Wednesday, November 28, 2007

Defining the Interest Group's mission

About a year ago, an article in the CCJIG newsletter explored the role and goals of the interest group by asking current and former leaders to offer their thoughts on three questions about the practices of civic and citizen journalism.

(Use this link to reach a PDF file of the newsletter with the article: )

The article was part of an ongoing effort by CCJIG to come to a clear articulation of the interest group's purposes, goals and mission. This conversation has been going on for some time, especially in conversations during annual meetings during AEJMC conventions. But closure has been hard to find.

The question has some urgency at the present time, however, because interest groups within AEJMC must petition for renewal every three years, and CCJIG is due to undergo this process in Chicago next summer. The question of CCJIG's unique focus in contrast with other divisions and interest groups within AEJMC is sure to be raised as part of that review.

Such an important question as defining the interest group's identity should not be answered unilaterally by a chair or even by a particular executive board. It's a question that should be answered by the membership at large, and this blog offers the perfect outlet for doing so. So please take part in this vital conversation by answering one or more of the following questions with a comment on this blog entry.

QUESTION 1: In your view, what is the key characteristic that separates civic journalism from other types of journalism?

QUESTION 2: How do civic journalism and citizen/participatory journalism relate to one another? (For instance, are they one-and-the-same? Distinct but overlapping practices or wholly separate practices? Are they variants on a theme, in which case: what's the theme? Are they complementary practices that serve a common goal; in which case, what's the goal?)

QUESTION 3: How can the nature of this relationship of the two practices as described in answers to Question 2 guide the mission and activities of the division?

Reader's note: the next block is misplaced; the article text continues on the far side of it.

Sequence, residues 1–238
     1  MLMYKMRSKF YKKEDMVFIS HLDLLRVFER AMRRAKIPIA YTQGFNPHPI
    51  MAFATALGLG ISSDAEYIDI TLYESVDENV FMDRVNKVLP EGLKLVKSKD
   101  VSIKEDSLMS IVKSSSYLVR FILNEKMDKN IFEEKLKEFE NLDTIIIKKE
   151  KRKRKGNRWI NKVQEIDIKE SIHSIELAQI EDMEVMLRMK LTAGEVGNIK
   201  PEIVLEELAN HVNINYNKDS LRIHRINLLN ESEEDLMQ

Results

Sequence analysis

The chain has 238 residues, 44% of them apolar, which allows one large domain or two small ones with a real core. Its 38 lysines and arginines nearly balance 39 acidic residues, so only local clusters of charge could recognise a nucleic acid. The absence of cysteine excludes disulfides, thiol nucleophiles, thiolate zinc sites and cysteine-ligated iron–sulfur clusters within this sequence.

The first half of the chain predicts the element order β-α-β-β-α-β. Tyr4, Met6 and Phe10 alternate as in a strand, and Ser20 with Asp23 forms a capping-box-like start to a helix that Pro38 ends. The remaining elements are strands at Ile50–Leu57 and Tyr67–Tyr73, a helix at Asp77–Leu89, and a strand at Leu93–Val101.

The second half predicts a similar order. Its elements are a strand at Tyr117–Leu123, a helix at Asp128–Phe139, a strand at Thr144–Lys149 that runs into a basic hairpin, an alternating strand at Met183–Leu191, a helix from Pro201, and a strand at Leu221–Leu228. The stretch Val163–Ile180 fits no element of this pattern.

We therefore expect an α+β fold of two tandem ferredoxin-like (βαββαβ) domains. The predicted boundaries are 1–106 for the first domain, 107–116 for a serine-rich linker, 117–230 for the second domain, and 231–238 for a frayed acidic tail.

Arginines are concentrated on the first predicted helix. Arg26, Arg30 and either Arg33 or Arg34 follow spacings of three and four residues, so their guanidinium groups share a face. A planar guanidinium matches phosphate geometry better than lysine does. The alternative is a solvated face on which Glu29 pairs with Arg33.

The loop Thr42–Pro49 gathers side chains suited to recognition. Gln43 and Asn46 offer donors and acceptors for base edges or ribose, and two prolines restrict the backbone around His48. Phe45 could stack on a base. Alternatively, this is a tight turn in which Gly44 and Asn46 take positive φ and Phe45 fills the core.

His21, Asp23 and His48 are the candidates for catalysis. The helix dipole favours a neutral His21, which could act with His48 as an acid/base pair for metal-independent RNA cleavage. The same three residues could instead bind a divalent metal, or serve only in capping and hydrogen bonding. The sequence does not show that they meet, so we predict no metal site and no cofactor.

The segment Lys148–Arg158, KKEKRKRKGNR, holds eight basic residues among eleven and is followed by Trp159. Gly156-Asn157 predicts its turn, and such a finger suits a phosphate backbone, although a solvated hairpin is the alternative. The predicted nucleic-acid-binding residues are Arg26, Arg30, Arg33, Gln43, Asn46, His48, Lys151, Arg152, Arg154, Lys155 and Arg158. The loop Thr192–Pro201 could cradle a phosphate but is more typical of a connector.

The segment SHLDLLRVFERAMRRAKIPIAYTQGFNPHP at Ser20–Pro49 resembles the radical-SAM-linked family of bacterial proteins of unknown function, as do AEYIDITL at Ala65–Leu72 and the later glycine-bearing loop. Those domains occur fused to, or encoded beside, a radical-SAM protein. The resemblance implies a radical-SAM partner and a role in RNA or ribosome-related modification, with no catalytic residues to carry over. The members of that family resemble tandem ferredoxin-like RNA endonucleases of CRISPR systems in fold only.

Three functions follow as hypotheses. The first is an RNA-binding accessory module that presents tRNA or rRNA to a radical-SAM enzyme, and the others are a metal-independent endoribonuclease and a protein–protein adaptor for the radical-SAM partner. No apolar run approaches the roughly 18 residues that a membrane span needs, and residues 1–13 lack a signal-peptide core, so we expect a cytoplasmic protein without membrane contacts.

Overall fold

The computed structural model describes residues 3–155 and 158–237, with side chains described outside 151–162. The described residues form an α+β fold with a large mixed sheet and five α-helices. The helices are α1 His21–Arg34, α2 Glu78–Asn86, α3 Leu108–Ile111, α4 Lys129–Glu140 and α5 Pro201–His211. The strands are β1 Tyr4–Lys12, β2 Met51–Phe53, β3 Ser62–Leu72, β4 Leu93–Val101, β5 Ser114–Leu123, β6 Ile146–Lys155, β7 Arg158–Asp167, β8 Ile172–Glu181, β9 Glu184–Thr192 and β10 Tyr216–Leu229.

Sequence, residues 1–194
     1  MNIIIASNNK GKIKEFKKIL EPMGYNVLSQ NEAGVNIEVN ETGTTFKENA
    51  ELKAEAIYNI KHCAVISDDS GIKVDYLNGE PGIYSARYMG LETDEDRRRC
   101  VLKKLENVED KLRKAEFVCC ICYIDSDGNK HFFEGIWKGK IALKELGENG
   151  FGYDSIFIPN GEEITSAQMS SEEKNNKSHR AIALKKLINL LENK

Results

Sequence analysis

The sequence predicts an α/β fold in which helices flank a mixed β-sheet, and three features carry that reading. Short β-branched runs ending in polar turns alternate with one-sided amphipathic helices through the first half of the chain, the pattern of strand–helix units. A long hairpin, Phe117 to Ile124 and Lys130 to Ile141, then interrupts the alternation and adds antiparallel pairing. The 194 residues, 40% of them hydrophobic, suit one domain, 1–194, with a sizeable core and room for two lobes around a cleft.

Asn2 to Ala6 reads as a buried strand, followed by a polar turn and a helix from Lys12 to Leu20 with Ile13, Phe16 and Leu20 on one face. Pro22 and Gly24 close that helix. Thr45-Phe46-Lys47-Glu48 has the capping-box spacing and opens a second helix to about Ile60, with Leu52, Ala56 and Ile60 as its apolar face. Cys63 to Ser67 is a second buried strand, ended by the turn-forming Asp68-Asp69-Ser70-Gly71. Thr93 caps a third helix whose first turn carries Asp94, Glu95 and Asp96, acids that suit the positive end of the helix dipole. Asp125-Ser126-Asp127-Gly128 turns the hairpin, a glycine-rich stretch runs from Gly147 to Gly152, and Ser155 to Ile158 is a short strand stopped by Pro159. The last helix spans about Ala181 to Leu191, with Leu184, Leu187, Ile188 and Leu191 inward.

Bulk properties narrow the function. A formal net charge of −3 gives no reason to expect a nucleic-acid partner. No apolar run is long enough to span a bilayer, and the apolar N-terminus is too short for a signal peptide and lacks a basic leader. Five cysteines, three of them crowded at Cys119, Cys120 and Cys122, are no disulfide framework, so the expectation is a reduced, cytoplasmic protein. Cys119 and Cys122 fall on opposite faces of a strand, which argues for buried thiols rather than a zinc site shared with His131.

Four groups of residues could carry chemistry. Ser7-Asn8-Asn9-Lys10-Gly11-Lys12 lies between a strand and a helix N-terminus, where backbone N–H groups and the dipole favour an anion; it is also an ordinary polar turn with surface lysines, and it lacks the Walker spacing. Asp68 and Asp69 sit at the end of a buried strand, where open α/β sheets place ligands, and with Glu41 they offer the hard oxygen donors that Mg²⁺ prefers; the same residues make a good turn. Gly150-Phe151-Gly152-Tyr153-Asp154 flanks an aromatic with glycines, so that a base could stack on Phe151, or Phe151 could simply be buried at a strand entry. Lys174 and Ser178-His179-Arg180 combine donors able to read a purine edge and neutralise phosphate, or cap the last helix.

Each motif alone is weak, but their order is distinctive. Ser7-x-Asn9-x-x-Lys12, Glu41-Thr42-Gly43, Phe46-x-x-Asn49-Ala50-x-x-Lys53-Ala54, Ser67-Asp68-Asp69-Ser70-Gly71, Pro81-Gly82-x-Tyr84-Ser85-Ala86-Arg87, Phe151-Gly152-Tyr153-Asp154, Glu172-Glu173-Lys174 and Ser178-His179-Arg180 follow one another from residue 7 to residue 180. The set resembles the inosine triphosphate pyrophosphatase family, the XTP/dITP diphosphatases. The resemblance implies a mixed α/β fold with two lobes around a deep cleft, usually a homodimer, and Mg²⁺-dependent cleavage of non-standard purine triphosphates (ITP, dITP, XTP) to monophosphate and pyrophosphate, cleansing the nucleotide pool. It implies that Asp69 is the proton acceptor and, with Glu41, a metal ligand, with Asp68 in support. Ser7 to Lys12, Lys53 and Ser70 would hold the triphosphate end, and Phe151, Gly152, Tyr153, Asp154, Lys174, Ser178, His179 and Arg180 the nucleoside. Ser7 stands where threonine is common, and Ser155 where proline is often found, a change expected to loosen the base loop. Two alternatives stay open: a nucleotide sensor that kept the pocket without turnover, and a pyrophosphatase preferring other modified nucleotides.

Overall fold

Getting a conversation among IG members and other interested parties at this time is vital for the ongoing success of this group. Please don't ignore the opportunity to get involved!

Donations fund Minneapolis citizen-J project

The latest wrinkle in covering communities and giving voice to underreported issues or topics that citizens want to read more about is out of Minnesota, where Joel Kramer, former editor of the Minneapolis Star Tribune, is launching an online daily news site funded by donors.The new venture follows the recently unveiled news venture called Pro Publica, a nonprofit investigative reporting project funded by two California philanthropists, Herbert and Marian Sandler, to the tune of $10 million a year.

Here's a link to the Chronicle of Philanthropy article on

These ventures, and others are reportedly to follow, raises interesting questions about the potential influence of the funding source of news gathering and dissemination, in addition to raising the issue of balanced reporting. Does the venture have to only pursue the Sandlers' pet issues? What if the Minnesota donors only want pro-Minnesota coverage? What's this mean for citizen journalism and funding future ventures; is this a worthwhile model to consider?Enter the debate and share your thoughts.

- Submitted by Sue Ellen Christian, posted by Jack Rosenbery